TUCKERTON — Republican Senate candidate Steve Lonegan walked through the grounds of the 31st annual Ocean County Decoy & Gunning Show Sunday meeting supporters days before the first of two debates between him and Democratic opponent Newark Mayor Cory Booker.

Lonegan walked arm-in-arm with his wife, Lorraine, as Tuckerton Mayor George “Buck” Evans introduced the Republican to people on the second day of the two-day show.

“These are the real working men and women of New Jersey,” Lonegan said as he made his way past booths displaying colorful birdhouses, wooden decoys and boating supplies.

Lonegan said the small-business owners at the show represented those that employ New Jersey residents, and his goal is to help them by reducing taxes and other hindrances to business.

Lonegan said he has been preparing for Friday’s debate. He said he was disappointed only two debates are scheduled before the Oct. 16 special election.

“He’s afraid to debate me. I will crush him on the issues,” Lonegan said. “I have a depth of knowledge that can be implemented in the U.S. Senate.”

Lonegan said his top two priorities are the economy and “individual liberty,” which he said is under assault from the federal government through agencies, such as the National Security Agency, and programs such as the Affordable Care Act, dubbed “Obamacare.”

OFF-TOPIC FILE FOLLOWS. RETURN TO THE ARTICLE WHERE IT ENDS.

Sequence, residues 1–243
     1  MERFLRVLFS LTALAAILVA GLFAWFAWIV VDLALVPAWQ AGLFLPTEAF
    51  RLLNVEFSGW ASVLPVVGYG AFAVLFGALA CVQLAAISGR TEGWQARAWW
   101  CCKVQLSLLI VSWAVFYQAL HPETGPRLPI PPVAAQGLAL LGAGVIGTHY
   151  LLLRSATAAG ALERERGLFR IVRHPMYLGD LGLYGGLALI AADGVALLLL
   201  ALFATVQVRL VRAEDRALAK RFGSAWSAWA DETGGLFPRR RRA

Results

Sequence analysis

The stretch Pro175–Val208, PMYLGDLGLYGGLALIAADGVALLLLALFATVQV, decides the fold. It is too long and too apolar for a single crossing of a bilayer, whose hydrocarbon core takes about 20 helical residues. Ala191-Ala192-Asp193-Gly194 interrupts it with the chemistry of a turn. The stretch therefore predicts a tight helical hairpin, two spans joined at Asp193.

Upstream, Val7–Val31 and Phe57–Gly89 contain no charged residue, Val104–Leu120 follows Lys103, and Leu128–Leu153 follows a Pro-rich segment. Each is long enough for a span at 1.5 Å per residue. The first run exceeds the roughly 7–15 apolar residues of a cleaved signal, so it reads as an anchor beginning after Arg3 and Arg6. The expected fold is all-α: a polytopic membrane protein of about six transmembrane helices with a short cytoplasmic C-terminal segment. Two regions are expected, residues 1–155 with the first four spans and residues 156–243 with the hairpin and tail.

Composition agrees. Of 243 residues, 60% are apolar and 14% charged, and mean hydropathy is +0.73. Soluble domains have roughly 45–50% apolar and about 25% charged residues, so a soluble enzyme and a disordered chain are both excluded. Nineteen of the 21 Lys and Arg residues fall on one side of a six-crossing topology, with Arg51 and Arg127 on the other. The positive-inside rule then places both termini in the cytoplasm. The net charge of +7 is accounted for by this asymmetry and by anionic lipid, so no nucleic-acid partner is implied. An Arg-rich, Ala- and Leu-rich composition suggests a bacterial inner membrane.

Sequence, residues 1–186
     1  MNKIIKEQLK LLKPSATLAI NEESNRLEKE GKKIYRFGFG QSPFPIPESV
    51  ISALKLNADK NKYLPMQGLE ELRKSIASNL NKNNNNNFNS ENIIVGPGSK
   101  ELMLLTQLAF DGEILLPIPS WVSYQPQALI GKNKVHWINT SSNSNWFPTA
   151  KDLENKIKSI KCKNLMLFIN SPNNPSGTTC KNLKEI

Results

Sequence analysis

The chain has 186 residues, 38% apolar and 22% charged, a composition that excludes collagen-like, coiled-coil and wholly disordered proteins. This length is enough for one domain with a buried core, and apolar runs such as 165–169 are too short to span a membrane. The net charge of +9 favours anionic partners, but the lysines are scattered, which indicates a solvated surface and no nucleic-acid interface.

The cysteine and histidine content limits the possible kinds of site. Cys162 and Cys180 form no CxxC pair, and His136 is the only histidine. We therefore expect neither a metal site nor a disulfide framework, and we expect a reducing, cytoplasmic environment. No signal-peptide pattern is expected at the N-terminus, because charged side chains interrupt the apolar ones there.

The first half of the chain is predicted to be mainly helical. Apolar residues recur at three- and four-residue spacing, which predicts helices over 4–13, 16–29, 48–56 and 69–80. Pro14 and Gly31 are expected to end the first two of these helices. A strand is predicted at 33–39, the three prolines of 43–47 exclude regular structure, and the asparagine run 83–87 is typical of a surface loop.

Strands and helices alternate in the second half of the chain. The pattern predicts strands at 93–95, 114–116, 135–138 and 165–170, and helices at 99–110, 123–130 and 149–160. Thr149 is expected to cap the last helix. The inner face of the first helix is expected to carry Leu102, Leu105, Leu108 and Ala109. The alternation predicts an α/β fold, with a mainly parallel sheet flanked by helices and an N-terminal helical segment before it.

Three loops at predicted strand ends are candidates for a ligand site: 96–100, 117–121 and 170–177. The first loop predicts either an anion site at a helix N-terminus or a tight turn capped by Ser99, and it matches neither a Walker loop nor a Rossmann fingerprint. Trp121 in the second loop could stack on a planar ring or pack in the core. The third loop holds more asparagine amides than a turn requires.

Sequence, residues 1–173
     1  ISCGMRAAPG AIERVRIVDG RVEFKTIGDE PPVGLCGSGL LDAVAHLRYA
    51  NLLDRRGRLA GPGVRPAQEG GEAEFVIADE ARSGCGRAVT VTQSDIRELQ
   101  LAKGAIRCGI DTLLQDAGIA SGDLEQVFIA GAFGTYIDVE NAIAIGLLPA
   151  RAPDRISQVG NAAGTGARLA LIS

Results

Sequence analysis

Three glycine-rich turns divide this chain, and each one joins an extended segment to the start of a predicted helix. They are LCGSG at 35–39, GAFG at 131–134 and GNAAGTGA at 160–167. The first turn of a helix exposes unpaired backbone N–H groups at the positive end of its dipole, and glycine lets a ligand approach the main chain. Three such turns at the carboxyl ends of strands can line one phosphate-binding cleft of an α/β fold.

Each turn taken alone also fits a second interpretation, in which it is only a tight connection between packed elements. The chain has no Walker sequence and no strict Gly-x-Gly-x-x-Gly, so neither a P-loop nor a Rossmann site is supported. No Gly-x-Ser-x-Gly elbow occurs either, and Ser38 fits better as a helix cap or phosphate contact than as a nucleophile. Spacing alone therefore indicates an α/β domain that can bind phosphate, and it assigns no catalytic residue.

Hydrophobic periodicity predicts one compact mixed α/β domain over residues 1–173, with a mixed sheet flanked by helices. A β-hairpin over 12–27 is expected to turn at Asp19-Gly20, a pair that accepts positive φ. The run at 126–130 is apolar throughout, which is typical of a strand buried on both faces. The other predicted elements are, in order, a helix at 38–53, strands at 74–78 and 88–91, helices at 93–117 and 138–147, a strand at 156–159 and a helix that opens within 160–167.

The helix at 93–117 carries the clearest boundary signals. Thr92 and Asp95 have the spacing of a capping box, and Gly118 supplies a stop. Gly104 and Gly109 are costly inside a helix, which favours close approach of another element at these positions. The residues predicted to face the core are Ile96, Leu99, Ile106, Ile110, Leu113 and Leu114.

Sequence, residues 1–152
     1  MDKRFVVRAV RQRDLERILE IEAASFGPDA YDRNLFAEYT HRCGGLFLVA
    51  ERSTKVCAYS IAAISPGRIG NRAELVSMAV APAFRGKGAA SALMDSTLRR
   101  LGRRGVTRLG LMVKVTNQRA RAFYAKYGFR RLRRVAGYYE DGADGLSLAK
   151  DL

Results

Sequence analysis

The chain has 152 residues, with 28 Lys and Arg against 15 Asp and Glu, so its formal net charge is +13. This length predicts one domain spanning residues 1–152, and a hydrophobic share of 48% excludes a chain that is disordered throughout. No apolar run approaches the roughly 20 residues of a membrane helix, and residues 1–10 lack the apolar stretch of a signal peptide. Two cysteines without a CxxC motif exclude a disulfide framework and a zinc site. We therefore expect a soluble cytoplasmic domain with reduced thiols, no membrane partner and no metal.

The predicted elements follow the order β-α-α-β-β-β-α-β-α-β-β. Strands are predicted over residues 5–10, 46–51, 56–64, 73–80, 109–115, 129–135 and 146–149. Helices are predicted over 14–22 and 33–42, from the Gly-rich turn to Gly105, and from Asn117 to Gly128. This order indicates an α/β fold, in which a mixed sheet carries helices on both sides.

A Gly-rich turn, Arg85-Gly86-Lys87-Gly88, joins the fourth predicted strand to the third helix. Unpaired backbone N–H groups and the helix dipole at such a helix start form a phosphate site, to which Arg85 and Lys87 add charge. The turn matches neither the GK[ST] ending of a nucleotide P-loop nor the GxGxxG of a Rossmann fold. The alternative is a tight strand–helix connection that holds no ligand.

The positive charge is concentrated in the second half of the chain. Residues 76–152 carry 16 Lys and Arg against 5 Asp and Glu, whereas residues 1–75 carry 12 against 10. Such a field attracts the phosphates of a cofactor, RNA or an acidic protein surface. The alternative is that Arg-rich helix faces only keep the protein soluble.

“I want to see real economic growth. These little businesses, this is what drives America,” he said.

As he walked through the show, Lonegan met supporters shaking hands and listening to their concerns about issues including mutual aid for municipalities to gun ownership.

“We’re going to get everybody out to vote,” promised one fan.

Evans, a Republican, said he supports Lonegan because he believes Lonegan would work for everyone, not just his friends.

“I believe he makes conscious decisions that not only represent his supporters but the whole population,” he said.

Evans often introduced Lonegan as “Sen. Lonegan.”

The show featured hunting displays, which prompted Lonegan to note he is a member of the National Rife Association, although his blindness does not allow him to shoot.

“It’s a freedom issue to me,” Lonegan said. “(New Jersey) is a tough state for gun owners. The last thing New Jersey needs is more gun laws.”

Lonegan said the shootings across the state often involve guns illegally owned. “The people who are law-abiding citizens are not the criminals,” he said.

Harold Spedding, the borough’s emergency management officer during Hurricane Sandy, said he will vote for Lonegan. Evans introduced the two as they made their way around the show.

“I have a lot of confidence in him. I’ve been reading a lot about him, and I think he would be an asset to the state,” Spedding said.

Lonegan left the show on his way to another appearance in Morristown, but not before his wife had a chance to sample some of the local foods being sold as fundraisers for local civic groups.

Lonegan said he loved campaigning.

“I get to meet people like this, so many people passionate about what they do,” he said.

As for Friday’s debate, aides said he is up every morning preparing and receives daily briefings on the issues.

He encouraged voters to watch Friday’s debate.

“What they will see is form versus substance,” Lonegan said.

Contact Trudi Gilfillian:

609-463-6716